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White Nile [Paperback]

Alan Moorehead
4.6 out of 5 stars  See all reviews (16 customer reviews)

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Book Description

30 April 1970
The story of the Nile, from the Mountains of the Moon to the Mediterranean. The tale starts with Richard Burton and John Hanning Speke setting out to find the sources of the Nile. It continues with Baker of the Nile and his wife struggling with malaria, and of the famous greeting between Stanley and Livingstone. The book examines the results of their discoveries: the building of the Suez canal; the Khedive Ismail's appointment of Gordon as Governor-General of Sudan; and the story of the last days of Khartoum. The book concludes with Kitchener's military success at Omdurman which made Queen Victoria the ruler of the huge area from Alexandria to the highlands of Uganda and which resulted in the Nile being, for the first tiem, an open highway from Central Africa to the sea.
--This text refers to an out of print or unavailable edition of this title.


Product details

  • Paperback: 384 pages
  • Publisher: Penguin Books Ltd; New impression edition (30 April 1970)
  • Language: English
  • ISBN-10: 0140019332
  • ISBN-13: 978-0140019339
  • Product Dimensions: 17.8 x 10.9 x 2.5 cm
  • Average Customer Review: 4.6 out of 5 stars  See all reviews (16 customer reviews)
  • Amazon Bestsellers Rank: 890,280 in Books (See Top 100 in Books)

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First Sentence
The Zanzibar that Burton and Speke first saw at the end of 1856 was a much more important place than it is today; indeed, it was almost the only centre of overseas commerce worth the name along the whole East African seaboard. Read the first page
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Front Cover | Copyright | Table of Contents | Excerpt | Index | Back Cover
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Customer Reviews

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Most Helpful Customer Reviews
18 of 18 people found the following review helpful
5.0 out of 5 stars The greatest Africa book every written 8 Jan 2001
Format:Paperback
When I first read this book I was sitting in a rural school half way up Kilimanjaro in Tanzania. I found this book on dusty bookshelf, left on its own in a collection of school books. I opened the book which starts its journey in Zanzibar....and follows the adventures and journeys of all the famous employers from Livingstone to Stanley to Baker and Speke...... If your were to read this book in Europe or America you would be on the next flight to Africa. Since reading the book, I have come back to England and brought another copy and read it more times than anything........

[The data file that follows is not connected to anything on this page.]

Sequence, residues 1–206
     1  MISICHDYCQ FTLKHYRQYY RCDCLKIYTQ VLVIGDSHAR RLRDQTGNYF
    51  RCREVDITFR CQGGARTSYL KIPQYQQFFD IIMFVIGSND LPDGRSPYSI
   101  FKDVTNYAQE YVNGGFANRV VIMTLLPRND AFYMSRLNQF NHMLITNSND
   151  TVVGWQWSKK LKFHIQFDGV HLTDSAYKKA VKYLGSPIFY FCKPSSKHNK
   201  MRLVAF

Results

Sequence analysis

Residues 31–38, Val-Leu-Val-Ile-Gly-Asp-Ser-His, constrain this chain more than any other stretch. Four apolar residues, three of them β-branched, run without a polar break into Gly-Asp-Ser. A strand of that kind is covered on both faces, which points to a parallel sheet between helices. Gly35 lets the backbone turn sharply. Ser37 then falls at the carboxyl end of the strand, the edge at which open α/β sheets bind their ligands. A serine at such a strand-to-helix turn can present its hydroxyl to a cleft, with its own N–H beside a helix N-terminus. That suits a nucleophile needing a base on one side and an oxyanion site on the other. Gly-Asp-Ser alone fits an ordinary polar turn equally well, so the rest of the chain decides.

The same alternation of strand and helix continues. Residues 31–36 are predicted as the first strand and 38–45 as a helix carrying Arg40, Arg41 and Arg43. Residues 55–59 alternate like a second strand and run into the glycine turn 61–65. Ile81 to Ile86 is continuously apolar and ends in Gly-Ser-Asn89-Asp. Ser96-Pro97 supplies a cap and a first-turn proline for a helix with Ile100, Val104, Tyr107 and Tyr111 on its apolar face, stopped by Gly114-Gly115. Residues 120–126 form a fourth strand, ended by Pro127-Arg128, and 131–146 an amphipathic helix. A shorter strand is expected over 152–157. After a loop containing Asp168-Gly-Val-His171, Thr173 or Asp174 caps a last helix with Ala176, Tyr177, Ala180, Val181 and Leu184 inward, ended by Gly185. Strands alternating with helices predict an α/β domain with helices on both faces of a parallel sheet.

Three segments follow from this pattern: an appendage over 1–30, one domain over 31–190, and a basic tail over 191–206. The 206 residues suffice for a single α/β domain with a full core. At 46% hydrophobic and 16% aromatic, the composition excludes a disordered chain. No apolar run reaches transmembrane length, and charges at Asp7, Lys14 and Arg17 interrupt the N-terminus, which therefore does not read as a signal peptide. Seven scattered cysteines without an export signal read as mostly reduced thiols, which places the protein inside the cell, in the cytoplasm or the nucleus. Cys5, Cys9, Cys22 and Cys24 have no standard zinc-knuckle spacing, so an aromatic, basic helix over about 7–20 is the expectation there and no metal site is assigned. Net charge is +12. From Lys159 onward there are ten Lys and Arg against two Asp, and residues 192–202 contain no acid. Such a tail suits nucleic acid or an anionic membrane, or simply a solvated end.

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16 of 16 people found the following review helpful
4.0 out of 5 stars Absorbing history 21 Jan 2007
By Pieter Uys HALL OF FAME TOP 500 REVIEWER
Format:Paperback
This book deals with history and culture along the Nile from 1798 to 1868 whilst the author's other book The White Nile explores the history from 1856 to 1900. Both books are masterpiecs of history, geography and ethnography. The Blue Nile chronicles events on the Nile from Ethiopia through Sudan to the sea but also deals with European history in the way it impacted on the Nile and the areas under discussion. It is an impressive resource of the events, the personalities involved and the people groups of this vast region.

Part One: Reconnaissance, opens with a description of Lake Tana in the highlands of Ethiopia. Although the lake is considered the primary source of the Blue Nile, the Little Abbai river which flows from the Ghis Abbai swamp is the largest tributary to Lake Tana. Where it leaves the lake, the river is called the Big Abbai. The author descibed the landscape of the highlands, the Tissat Falls about 20 miles beyond the lake and the desolate Blue Nile gorge as the river winds down the highlands to Sudan. This section also investigates the exploits of explorer James Bruce in Egypt, Sudan and Ethiopia. He was the first European to reach the source of the river.

Part Two: The French in Egypt, discusses the political situation in Europe in the 1790s and the background to Napoleon's invasion of Egypt. There are detailed descriptions of the preparations and the condition of Egypt at the time with discussions of Mamluke rule and the leader Murad. The French moved as far south as Aswan and completed the conquest by October 1799. Then the English destroyed their fleet and they were trapped in Egypt.
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5 of 5 people found the following review helpful
4.0 out of 5 stars Great book about European colonization of Africa 10 Aug 2008
Format:Paperback